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BCI Systems. Brendan Allison, Ph.D. Institute for Automation University of Bremen 6 November, 2008. What is a BCI?. A BCI enables communication without movement. Some patients cannot use any interface requiring movement. What is a BCI?. What is a BCI?.

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Bci systems

BCI Systems

Brendan Allison, Ph.D.

Institute for Automation

University of Bremen

6 November, 2008


Bci systems

What is a BCI?

A BCI enables communication without movement.

Some patients cannot use any interface requiring movement.


Bci systems

What is a BCI?


Bci systems

What is a BCI?

Most BCIs translate your brain’s electrical activity (EEGs) into messages or commands.

Performing mental tasks produces electrical activity detectable with electrode caps.


Bci systems

What is a BCI?

  • BCIs may be:

  • Non-invasive (usually EEG)

  • Invasive

    • ECoG (surface of cortex)

    • depth recording (in brain)


Bci systems

How do EEGs work?

Neural communication produces electrical activity.

Electrical activity in a single neuron.

When a neuron is active, its voltage may change by 100 mV or more.


Bci systems

How do EEGs work?

This activity may be detectable to electrodes on the scalp.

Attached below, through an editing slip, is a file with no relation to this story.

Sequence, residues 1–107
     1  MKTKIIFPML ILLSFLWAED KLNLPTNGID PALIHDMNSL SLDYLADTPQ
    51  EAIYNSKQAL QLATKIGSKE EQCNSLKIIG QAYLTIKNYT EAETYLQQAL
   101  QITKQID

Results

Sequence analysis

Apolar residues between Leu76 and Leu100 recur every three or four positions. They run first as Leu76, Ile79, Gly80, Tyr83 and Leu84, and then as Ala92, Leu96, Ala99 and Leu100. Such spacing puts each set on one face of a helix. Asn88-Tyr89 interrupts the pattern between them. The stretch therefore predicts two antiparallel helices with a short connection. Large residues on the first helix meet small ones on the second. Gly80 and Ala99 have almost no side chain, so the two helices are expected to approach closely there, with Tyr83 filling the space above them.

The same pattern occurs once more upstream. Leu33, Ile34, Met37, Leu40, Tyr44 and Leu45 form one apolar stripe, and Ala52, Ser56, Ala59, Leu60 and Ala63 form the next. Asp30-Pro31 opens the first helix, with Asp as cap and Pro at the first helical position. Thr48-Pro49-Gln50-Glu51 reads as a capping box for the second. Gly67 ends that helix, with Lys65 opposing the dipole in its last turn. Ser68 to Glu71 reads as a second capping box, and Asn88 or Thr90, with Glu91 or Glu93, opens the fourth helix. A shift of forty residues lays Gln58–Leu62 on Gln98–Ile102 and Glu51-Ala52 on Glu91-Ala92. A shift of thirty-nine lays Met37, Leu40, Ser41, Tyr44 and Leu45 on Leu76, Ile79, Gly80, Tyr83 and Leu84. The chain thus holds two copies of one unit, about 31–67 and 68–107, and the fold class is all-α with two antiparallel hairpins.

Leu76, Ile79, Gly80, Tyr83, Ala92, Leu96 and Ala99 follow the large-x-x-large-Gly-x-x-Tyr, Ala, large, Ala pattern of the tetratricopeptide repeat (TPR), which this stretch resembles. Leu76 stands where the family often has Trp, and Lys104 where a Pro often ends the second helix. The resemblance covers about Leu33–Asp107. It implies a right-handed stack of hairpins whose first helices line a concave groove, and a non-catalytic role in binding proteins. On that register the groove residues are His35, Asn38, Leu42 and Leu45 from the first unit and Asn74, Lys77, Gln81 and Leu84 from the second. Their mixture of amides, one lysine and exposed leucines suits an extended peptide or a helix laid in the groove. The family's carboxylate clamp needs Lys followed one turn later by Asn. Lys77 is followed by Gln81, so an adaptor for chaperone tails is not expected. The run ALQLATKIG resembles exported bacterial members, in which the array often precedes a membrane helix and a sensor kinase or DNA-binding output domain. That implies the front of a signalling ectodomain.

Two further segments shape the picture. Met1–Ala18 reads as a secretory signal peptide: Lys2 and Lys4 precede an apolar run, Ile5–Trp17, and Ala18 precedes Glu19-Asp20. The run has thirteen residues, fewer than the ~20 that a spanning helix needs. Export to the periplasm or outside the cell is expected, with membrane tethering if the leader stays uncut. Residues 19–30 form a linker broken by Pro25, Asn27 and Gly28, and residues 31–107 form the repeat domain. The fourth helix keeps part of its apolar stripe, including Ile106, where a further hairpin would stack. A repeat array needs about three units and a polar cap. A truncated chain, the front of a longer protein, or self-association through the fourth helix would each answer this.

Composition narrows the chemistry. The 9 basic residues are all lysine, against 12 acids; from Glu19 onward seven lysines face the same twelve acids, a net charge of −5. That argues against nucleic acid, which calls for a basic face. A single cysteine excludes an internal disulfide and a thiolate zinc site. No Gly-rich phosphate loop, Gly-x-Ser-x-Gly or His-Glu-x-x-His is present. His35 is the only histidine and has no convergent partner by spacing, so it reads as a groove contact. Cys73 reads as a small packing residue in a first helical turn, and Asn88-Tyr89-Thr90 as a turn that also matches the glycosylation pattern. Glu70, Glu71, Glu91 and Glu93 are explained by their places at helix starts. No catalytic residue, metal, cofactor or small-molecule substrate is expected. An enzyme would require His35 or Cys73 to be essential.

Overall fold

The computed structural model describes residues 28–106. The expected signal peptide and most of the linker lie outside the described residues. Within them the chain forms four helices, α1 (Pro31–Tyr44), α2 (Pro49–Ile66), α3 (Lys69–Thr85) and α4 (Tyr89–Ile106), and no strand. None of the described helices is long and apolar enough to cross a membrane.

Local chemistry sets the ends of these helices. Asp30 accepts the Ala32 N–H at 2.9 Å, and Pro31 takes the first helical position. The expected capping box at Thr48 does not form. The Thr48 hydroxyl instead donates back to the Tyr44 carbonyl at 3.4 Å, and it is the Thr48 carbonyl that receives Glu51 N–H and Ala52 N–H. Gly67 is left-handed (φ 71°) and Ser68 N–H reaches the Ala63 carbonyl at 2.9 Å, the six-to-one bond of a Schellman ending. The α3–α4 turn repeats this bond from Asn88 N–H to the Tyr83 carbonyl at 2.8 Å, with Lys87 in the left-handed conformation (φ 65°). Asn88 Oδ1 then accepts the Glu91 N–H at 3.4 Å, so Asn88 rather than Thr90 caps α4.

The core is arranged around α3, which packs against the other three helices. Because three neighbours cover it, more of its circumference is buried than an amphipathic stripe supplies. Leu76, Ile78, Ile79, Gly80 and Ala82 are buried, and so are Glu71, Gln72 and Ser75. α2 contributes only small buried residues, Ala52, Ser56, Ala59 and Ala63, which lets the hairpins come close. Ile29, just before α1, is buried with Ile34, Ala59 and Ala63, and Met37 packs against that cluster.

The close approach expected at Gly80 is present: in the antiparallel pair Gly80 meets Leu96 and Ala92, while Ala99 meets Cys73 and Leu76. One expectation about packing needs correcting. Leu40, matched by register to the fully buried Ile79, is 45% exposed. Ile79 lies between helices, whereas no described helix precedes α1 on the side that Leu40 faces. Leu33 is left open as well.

Conventional electrode caps from EGI, Neuroscan, and Electro-Cap.


Bci systems

How do EEGs work?

  • Newer EEG recording systems:

  • Require less or no prep time and skill

  • Require less or no gel

  • Require fewer electrodes

  • Are more portable

  • Handle artifacts better

  • Are wireless

  • Are cheaper

Field recording systems from Quasar, Advanced Brain Monitoring, and Pineda et al (2003).


Bci systems

How do EEGs work?

QUASAR Hybrid or eIBE sensors

QUASAR IBE Electrodes

Audio Headset

EOG/EEG Glasses


Bci systems

How do EEGs work?

Emotiv and NeuroSky systems


Bci systems

How do EEGs work?

Invasive BCIs record activity from electrodes under the scalp.

Pyramidal neurons (Kandel et al., 1988)

Electrocorticogram (ECoG) recording montage in a human patient. (Leuthardt et al., 2004)


Bci systems

How do EEGs work?

  • Other functional imaging approaches:

  • Functional Magnetic Resonance Imaging (fMRI)

  • Magnetoencephalography (MEG)

  • Positron Emission Tomography (PET)

  • Functional Near Infrared (fNIR)

An MEG machine

A functional MRI

Functional Near Infrared


Bci systems

What isn’t a BCI?

yes

hello

pain

BCIs cannot read minds or literally interpret mental activity.


Bci systems

What isn’t a BCI?

BCIs are a popular topic in sci fi!

Firefox

Strange Days

Neuromancer

The Matrices

Johnny

Mnemonic

Star Trek: The Cage

Dreamscape

The X – Mens


Bci systems

What isn’t a BCI?

More bci fi ….

Brainstorm

Total Recall

Minority Report

The Lawnmower Men

The Govenator!!


Bci systems

What isn’t a BCI?

  • BCIs cannot:

  • Read your thoughts.


Bci systems

What isn’t a BCI?

  • BCIs cannot:

  • Operate without your knowledge or free will.


Bci systems

What isn’t a BCI?

  • BCIs cannot:

  • Write to the brain.


Bci systems

What isn’t a BCI?

  • BCIs cannot:

  • Repair injured areas.

  • (??)


Bci systems

What isn’t a BCI?

  • These similar approaches are not BCIs: ??